What can comics scholars learn from animation studies and vice versa?
Do illustrated books or graphic novels resist the supposed obsolescence of the book? What do pictures want (now)?
These and related questions will be explored at the Illustration, Comics, and Animation Conference at Dartmouth College to be held April 19 – 21 2013.
Scholars interested in the illustrated image in all of its mediated guises are invited to participate in this interdisciplinary conference. Nearly all illustrated or drawn ‘texts’ are eligible for consideration:
- comics and graphic novels
- cartoons and animated films
- illustrated books and picture books
POSSIBLE TOPICS MAY INCLUDE:
*Individual titles by prominent practitioners in the field
*Identity, subjectivity, authority, ideology or culture in or more type of illustration media
*The future of particular schools of criticism (psychoanalysis, critical race theory, phenomenology, Marxism, feminism, queer theory, post-colonialism, formalism, aesthetic theories, etc.) and one or more type of illustration media
- Can there be closure in animation?
- How do digital technologies impact the comics image?
- How do qualities of stasis, simultaneity, and sequence associated with the comics image apply to animation?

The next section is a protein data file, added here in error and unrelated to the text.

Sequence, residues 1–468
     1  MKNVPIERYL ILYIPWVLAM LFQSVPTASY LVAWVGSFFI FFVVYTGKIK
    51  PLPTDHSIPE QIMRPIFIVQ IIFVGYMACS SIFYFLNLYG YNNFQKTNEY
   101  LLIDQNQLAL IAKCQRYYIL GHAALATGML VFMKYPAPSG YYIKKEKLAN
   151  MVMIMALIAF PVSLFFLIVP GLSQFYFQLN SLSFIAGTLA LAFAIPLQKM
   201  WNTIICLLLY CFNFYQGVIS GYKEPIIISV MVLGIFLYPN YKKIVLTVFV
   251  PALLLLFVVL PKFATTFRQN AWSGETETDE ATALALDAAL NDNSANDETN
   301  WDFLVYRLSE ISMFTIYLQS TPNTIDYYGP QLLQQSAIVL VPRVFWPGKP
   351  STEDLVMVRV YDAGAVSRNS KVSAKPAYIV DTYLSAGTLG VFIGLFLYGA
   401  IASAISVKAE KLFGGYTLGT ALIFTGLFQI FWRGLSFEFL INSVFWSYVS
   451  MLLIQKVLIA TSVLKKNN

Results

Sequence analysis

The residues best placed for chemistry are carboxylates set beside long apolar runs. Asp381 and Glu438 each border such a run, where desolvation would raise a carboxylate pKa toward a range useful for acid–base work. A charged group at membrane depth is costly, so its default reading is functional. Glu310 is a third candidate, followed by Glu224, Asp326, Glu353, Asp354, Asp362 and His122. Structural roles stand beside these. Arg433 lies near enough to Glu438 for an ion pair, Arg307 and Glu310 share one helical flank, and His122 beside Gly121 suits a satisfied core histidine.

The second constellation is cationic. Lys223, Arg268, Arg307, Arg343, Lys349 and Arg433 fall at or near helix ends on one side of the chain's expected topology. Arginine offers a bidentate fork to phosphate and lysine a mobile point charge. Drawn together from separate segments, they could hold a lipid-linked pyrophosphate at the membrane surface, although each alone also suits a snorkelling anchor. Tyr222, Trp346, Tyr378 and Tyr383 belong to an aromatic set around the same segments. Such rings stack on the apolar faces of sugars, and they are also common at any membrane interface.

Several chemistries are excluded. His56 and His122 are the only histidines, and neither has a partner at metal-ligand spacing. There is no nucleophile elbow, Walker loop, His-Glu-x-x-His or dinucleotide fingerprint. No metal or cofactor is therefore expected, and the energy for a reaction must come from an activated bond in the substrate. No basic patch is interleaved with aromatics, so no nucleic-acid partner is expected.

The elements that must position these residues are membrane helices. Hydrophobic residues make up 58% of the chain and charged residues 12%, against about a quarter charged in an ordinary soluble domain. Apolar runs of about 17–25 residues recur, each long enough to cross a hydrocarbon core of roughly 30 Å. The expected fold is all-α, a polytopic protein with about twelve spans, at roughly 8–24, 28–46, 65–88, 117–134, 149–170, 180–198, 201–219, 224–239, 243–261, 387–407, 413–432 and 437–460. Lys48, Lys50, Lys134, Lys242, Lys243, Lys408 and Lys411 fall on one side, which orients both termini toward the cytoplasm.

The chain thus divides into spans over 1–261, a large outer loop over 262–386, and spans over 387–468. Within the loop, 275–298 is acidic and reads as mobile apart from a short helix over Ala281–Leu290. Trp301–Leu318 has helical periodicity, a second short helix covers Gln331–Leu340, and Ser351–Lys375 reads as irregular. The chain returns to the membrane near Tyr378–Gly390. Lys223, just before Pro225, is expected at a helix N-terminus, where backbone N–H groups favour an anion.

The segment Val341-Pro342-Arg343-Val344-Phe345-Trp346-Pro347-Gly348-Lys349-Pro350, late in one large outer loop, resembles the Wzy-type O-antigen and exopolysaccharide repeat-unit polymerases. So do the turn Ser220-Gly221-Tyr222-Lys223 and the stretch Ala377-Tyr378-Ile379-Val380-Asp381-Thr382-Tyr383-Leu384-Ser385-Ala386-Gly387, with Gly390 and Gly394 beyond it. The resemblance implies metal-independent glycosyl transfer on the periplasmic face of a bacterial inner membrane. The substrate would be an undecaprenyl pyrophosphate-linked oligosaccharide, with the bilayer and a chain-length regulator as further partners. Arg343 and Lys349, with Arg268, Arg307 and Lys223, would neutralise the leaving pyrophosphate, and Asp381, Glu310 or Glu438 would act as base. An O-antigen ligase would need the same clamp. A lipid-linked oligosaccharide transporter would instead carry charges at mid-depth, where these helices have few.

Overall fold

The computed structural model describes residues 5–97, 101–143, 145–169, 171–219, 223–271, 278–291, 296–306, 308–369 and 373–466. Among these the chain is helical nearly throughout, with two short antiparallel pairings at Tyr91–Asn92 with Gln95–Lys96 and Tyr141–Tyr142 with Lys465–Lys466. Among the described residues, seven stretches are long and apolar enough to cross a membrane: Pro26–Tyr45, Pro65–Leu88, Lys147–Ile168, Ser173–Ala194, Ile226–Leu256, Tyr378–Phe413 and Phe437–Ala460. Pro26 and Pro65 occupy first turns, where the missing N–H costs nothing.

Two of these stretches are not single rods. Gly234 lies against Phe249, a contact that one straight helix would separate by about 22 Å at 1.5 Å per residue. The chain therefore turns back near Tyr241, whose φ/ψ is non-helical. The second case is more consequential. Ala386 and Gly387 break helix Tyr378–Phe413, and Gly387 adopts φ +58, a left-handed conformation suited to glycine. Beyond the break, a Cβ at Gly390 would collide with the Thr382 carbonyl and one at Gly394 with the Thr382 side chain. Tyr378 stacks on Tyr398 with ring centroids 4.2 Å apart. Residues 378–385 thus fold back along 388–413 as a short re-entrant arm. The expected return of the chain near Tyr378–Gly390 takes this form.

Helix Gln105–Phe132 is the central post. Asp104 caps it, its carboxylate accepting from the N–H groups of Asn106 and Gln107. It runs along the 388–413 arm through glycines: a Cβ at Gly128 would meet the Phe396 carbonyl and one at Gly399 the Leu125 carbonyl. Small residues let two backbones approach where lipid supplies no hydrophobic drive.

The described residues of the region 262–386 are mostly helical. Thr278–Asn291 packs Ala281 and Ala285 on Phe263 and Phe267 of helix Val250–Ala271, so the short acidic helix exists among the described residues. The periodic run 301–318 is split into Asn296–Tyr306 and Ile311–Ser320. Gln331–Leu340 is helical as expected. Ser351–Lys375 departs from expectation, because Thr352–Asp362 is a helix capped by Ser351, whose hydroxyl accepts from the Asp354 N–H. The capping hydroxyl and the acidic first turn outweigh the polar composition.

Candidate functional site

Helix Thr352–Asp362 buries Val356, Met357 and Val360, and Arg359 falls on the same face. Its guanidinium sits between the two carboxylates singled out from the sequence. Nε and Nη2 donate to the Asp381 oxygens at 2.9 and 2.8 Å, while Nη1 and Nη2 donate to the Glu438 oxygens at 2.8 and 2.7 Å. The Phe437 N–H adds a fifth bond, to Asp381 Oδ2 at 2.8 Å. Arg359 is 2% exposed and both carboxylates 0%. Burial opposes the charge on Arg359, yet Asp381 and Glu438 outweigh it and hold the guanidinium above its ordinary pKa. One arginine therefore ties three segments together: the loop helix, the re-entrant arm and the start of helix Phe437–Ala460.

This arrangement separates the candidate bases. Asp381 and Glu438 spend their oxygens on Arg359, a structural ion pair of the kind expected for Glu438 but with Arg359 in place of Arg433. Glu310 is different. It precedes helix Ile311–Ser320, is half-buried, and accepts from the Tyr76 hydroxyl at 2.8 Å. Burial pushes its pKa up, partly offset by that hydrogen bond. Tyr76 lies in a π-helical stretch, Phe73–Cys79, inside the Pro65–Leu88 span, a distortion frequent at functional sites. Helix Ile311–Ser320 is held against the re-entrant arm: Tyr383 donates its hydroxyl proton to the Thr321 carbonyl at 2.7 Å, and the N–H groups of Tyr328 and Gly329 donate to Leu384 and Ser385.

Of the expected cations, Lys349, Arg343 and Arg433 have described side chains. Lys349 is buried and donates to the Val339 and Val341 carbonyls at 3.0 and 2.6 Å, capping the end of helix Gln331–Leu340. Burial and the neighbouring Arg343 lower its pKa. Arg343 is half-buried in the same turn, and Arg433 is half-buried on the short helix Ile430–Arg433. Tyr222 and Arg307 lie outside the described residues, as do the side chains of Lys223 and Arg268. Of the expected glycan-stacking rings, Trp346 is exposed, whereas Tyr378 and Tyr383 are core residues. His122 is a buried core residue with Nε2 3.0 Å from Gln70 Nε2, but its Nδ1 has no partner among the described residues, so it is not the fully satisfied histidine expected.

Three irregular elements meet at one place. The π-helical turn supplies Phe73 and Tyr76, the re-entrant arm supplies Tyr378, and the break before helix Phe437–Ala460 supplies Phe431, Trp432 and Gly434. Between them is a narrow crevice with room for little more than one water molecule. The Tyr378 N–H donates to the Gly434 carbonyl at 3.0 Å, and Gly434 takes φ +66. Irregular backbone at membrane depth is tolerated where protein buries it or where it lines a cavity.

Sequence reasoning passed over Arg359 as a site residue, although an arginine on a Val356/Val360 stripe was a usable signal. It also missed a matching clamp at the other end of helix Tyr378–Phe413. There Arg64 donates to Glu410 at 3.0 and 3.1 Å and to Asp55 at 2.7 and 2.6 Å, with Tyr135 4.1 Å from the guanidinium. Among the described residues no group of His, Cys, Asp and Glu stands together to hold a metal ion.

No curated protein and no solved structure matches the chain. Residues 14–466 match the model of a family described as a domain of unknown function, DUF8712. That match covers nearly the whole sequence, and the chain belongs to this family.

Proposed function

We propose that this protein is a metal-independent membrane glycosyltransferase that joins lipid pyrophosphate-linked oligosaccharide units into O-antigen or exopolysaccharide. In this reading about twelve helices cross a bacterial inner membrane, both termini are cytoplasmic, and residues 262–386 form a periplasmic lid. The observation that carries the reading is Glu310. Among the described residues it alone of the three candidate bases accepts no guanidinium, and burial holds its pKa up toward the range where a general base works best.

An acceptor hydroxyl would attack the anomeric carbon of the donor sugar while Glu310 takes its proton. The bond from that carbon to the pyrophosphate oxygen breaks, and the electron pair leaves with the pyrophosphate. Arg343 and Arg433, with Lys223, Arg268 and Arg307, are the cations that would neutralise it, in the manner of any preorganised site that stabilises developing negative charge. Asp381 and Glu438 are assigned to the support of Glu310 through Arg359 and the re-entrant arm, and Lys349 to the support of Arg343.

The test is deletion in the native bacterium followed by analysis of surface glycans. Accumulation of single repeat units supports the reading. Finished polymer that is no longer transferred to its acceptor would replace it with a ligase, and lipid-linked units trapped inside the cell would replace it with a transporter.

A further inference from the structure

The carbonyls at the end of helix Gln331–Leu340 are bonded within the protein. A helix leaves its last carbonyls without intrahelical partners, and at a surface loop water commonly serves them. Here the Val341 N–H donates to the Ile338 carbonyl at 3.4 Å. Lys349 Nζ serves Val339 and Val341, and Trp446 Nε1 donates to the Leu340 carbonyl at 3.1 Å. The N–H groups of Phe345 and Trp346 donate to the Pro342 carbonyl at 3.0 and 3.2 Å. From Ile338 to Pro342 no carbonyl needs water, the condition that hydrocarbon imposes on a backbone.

- In what ways do the word-image tensions of the illustrated book or picture book differ from those of a graphic novel?
- What is the phenomenology of the contemporary graphic novel, illustrated book, or animated film?
- How do these forms presage the future of the human or the humanities?
And finally, the location of the conference may also be a source of inspiration for prospective participants. Not only does Dartmouth College lie in close proximity to the Center for Cartoon Studies in White River Junction, Vermont, but it is also the historic home of Theodore Geisel, Dr. Seuss, whose illustrated books continue to awe and amuse.
Interested participants may propose individual papers or panels. Individual papers should be no longer than 20 minutes. Panels shall be ninety minutes long and should be comprised of three presenters and one (ideally separate) panel chair. Please send 300 word abstracts and a brief bio for each proposed paper no later than December 1, 2012.
Send all proposals and inquiries to
Michael A. Chaney
Associate Professor of English
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